- What is it?
- When is chemotherapy necessary?
- Chemotherapy type
- How is it arranged?
- What preparations are needed?
- Where is it done?
- How long does it last?
- How many times do I need to have chemotherapy?
- How will I feel during the treatment?
- What are the potential complications?
- Special situations
- Team and structure
There are different chemotherapies that can be classified according to their route of administration, the number of drugs administered simultaneously, their mechanism of action or their intention.
According to their mechanism of action, there are different families of chemotherapeutic drugs (e.g., alkylating agents, antimetabolites and topoisomerase inhibitors) that act differently on the tumour cell. In addition, it is important to mention that not all drugs have shown efficacy in all types of cancer; therefore, two people with cancer in the same organ may receive a different chemotherapy treatment, depending on the type of tumour for which they have been diagnosed.
According to its route of administration, we can divide chemotherapy into:
- Oral: The chemotherapy drug can be given in a pill, tablet or capsule form, in the same way as common medications such as paracetamol and ibuprofen. Depending on the chemotherapy selected for that tumour, it may be taken under different regimens: e.g., every day; only 3, 5, 15 days in a row; every 8, 12 or 24 hours; on an empty stomach or with meals. Don't worry, your referral team (doctors, nurses, pharmacists) will answer your questions before starting treatment.
- Intramuscular: Given by injection directly into a muscle area, such as the arm, similar to a vaccine.
- Endovenous: This is administrated directly into the bloodstream through a vein (usually in the arm) as if it were a serum. Before the first administration, the patient has to be evaluated by the oncology team's referring nurse to recommend the best method to reduce possible complications (e.g., pain, infection or extravasation). These routes of administration can be by a peripheral route, a port-a-cath or PICC (peripherally inserted central catheter), depending on the type of chemotherapy and its venous access.
- Intraperitoneal: In highly selected cancers, chemotherapy can be delivered directly to the abdominal cavity through a catheter.
It should be said that, contrary to popular belief, side effects and tolerance to different chemotherapies do not depend exclusively on the route of administration: a pill does not necessarily have fewer side effects than chemotherapy administered intravenously.
According to the number of drug substances administered in each cycle, it is classified into:
Monotherapy: Administration of a single drug in each cycle.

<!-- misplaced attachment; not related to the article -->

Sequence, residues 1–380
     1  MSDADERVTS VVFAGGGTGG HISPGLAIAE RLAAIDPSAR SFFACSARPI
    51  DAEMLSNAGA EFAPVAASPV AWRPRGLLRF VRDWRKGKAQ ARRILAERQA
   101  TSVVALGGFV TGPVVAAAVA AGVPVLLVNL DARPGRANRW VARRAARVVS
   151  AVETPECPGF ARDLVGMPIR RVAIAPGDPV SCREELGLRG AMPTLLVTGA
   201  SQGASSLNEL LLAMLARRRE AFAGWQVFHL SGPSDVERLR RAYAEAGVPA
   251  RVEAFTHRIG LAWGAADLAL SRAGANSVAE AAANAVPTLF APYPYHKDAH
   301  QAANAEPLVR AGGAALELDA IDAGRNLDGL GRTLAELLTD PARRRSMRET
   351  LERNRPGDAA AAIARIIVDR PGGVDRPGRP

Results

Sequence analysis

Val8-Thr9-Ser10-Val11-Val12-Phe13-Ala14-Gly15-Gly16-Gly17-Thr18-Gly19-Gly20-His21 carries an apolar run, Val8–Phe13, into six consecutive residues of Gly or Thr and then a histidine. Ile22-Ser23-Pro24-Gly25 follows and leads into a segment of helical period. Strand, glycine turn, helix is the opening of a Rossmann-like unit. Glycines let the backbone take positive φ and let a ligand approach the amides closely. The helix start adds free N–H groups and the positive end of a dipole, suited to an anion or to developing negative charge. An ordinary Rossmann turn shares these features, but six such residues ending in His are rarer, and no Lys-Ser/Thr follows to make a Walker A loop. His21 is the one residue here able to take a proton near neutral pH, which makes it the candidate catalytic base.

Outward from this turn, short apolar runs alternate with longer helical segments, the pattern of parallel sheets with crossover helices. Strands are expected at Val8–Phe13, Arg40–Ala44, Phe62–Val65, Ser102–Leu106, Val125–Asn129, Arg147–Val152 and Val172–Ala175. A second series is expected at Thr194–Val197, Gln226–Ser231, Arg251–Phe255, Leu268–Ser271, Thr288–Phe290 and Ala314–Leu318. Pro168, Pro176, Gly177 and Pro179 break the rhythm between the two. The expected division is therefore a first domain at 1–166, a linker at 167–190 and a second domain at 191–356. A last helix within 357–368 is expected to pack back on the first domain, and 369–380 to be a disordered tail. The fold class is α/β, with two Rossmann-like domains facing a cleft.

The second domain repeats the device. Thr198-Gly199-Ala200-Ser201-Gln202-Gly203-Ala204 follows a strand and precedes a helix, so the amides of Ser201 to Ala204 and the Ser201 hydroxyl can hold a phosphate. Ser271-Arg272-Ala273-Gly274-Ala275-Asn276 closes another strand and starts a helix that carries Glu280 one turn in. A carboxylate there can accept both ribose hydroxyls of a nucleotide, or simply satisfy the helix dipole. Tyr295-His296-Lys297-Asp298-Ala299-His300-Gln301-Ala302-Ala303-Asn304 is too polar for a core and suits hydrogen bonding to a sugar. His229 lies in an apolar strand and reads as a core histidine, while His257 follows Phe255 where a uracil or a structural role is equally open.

Combination chemotherapy: The administration of more than one chemotherapy drug. This may be on the same day or on different days within the same cycle. Sometimes, chemotherapy can be combined with other agents, such as immunotherapy or other treatments.
Finally, chemotherapy treatments can also be classified according to their intention in controlling the tumour disease:
- Curative: As its name suggests, the objective is to eradicate cancer, either by itself or administered in addition to other treatments, such as surgery or radiotherapy. This type of chemotherapy, in turn, can be divided into different subtypes, depending on when it is administered in the treatment sequence.
- Neoadjuvant: Chemotherapy is given before surgery or radiotherapy with the intention of reducing the size of the tumour to facilitate its removal; and, in turn, to check the sensitivity of the tumour to chemotherapy.
- Adjuvant: The chemotherapy is administered after radical treatment, such as surgery. Its intention is to treat possible micrometastasis (cancer cells not detectable by any imaging test) that may have remained after surgery, and to reduce the risk that the cancer will reappear.
- Concomitant: Given in conjunction with radiation therapy treatment to improve the effectiveness of radiation therapy alone.
- Palliative: Contrary to popular belief that palliative treatment is only for those patients who can no longer be offered anything else, chemotherapy with palliative intent has the ability to extend survival, even for years in some types of tumours. It is used in those patients who have been diagnosed with a tumour that has no cure in most cases. Therefore, although this type of chemotherapy does not cure, it extends survival, controls and reduces tumour size and/or improves symptoms caused by the disease (e.g., bleeding, pain or suffocation).